Women We Read This Week

Sara Bernard’s “Rape Culture in the Alaskan Wilderness” in The Atlantic

Sara Bernard‘s piece in The Atlantic this week is a feat of reporting about the high prevalence of rape in Alaska, “the rape capital of the U.S.” On top of her haunting details about the rural landscape, a place where victims of sexual assault are often forced to conduct their own forensic-gathering, she portrays the complicated emotions victims feel when the sexual predator is also a close family friend or relative. Her portrait of Jane shows a survivor who still has a deep attachment to her attacker:

Jane, too, has no intention of sending someone who she grew up with to jail—someone she’d trusted, and who she says she now hates, but still, on some level, loves. …Jane told investigators what the man had done and they urged her to press charges. “But my first thought was, ‘I can’t do that,’” she says. Jane felt she’d already done enough damage by making a public presentation and mentioning the molestation, even in vague terms; her family began shunning the accused and she felt she’d already, to some degree, destroyed his life. She looked up at the state trooper and said, “You do realize that I grew up with him?” He handed her his card; as soon as they left the room, she tore it up and threw it in the trash.

While Bernard gives us someone to admire in Cynthia Erickson, a woman who dares to grant the space for survivors to speak out about their abuse, it is people like Jane who become the real heroes of the piece, torn between the people they love and the overwhelming need to speak freely. The cultural divide Jane faces is the pain many rape survivors share when intimacy intermingles with violence. Hopefully bringing these stories to the light encourages others to come forward.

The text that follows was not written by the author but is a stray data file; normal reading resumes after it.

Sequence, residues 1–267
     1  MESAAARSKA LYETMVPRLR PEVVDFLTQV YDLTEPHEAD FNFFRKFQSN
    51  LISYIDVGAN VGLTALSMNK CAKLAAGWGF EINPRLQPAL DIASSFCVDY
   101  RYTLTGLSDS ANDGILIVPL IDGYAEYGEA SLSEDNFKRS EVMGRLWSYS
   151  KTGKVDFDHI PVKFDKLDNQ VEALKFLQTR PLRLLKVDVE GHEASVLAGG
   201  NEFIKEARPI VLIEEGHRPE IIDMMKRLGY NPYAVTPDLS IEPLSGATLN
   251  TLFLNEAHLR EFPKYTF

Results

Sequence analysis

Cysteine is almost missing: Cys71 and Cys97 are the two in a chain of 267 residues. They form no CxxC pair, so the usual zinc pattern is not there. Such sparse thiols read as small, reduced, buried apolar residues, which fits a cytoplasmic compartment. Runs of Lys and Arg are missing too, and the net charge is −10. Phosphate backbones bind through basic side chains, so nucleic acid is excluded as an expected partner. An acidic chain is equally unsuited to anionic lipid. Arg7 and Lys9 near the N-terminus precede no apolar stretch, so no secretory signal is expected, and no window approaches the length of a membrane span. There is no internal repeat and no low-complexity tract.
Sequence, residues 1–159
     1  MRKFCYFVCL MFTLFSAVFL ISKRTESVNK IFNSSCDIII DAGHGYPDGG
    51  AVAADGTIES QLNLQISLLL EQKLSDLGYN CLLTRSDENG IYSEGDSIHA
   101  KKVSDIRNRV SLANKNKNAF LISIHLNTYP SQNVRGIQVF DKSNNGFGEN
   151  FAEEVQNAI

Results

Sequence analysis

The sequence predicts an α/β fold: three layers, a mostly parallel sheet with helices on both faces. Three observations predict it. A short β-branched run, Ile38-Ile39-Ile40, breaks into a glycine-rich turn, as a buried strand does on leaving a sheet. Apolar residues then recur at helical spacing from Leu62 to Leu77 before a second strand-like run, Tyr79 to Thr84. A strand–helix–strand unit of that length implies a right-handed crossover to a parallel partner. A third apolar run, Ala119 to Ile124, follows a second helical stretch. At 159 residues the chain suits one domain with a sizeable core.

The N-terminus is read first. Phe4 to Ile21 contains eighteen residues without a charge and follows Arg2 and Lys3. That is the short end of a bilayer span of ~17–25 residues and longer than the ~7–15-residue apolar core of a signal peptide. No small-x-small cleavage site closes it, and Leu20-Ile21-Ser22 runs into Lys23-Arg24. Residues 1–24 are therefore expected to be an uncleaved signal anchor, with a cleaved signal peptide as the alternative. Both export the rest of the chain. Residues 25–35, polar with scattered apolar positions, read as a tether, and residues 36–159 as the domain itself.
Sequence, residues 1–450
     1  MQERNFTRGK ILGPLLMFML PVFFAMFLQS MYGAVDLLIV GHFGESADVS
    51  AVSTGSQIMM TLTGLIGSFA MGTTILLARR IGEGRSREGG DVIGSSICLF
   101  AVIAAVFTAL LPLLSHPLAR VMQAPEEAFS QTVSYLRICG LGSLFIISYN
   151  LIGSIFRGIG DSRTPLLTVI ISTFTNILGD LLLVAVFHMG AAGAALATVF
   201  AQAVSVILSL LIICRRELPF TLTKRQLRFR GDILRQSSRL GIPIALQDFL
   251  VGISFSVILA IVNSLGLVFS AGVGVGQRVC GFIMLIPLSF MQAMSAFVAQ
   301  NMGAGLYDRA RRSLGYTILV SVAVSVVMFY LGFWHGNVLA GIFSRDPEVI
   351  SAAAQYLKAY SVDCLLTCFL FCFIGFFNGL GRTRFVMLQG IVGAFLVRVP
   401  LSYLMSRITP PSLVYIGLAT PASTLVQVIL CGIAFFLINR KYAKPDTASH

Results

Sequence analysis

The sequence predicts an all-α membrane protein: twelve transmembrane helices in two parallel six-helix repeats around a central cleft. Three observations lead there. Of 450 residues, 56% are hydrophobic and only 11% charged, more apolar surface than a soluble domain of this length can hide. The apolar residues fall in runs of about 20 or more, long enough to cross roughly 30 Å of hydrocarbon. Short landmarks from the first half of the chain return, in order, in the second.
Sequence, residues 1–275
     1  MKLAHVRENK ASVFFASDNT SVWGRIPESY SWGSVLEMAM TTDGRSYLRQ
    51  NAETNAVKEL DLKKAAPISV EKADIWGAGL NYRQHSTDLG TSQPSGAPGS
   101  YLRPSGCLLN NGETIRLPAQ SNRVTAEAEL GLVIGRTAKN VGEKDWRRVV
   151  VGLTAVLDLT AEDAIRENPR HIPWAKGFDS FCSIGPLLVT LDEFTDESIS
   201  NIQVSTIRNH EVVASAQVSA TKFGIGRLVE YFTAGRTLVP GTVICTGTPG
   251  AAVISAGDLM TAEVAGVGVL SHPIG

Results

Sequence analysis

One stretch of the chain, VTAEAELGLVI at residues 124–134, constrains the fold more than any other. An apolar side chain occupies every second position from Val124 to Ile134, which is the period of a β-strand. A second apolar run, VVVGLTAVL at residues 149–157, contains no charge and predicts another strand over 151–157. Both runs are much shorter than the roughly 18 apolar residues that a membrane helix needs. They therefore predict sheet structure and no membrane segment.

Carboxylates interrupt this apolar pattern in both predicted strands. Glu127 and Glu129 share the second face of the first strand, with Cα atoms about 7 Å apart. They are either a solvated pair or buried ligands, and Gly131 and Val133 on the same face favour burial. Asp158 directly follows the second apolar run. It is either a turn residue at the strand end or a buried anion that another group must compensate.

Jessica Pishko

Sangamithra Iyer’s “Foodies, feds and factory farms” in Waging Nonviolence

What turns a person into an activist? When, and how, does the state turn activists into terrorists—and why? These two questions are at the heart of Sangamithra Iyer’s deeply reported and artfully structured piece in Waging Nonviolence. She walks back through the life stories of three frontline vegan activists, locating radicalizing and defining moments in a high school reading, a drive to the mall, and a visit to an uncle’s farm. The activists portrayed have gone on to do remarkable things—and to face stunning repercussions in a country—the US—which, in 2004, labeled animal and environmental activists the number one domestic terrorist threat. A former “open rescue” advocate who helped shed light on the cruelties of foie gras farms has shifted from giving talks about civil disobedience to educating others about how to make the government comply with its own regulations. Cognizant of today’s steep penalties for civil disobedience, he’s taken to flying camera-equipped drones above feedlots to document industrial waste. The facts in the piece are stirring and, in some cases, shocking. What stayed with me long after I finished reading, though, was the way that Iyer, with her subjects, had located inconsequential moments in which each had chosen to see, to hear and then, later, to act. When activism is equated with terrorism, it can be easy—or more comfortable—to imagine that the people on the frontlines are all heroes with greater courage and more expansive vision. But in fact, as Iyer reveals so gracefully, it is about paying attention.

Emily Bass

Rachael Maddux’s “Welcome Back to School (Shootings)” in Matter

I remember coming home from high school, on April 20, 1999, to my mother glued to the television as videos out of Columbine played on loop. I determined that I would never again watch a school shooting. I turned away from it then, and, though there have been dozens of school shootings since, I’ve kept my eyes averted. I’ve never contemplated my resistance. I’ve never even noted it.

It took a piece like Maddux’s to change that for me. Not only does she carefully collect and represent data about school shootings, Maddux goes a step further: she recalls what it was like to be a high schooler back then, at the beginning of the terror. And she remembers it so vividly—not only through scenes, but through the horrible ironies, the barrage of rules, codes, drills that only exposed everyone’s helplessness: